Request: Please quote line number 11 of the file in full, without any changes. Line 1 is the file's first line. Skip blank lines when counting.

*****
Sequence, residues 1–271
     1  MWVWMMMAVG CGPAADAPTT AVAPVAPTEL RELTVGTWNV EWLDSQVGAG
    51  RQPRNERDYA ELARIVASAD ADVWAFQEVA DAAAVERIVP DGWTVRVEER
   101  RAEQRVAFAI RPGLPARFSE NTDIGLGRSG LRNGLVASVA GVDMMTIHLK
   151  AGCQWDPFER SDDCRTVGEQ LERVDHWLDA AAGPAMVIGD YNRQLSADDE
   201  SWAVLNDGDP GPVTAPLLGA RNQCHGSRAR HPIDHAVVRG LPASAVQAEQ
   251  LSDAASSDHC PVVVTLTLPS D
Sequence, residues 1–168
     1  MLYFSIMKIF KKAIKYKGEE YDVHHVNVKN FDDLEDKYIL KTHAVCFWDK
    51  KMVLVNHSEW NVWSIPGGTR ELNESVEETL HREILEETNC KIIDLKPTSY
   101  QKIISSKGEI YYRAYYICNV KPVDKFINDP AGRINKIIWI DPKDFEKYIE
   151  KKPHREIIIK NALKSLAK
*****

   101  QKIISSKGEI YYRAYYICNV KPVDKFINDP AGRINKIIWI DPKDFEKYIE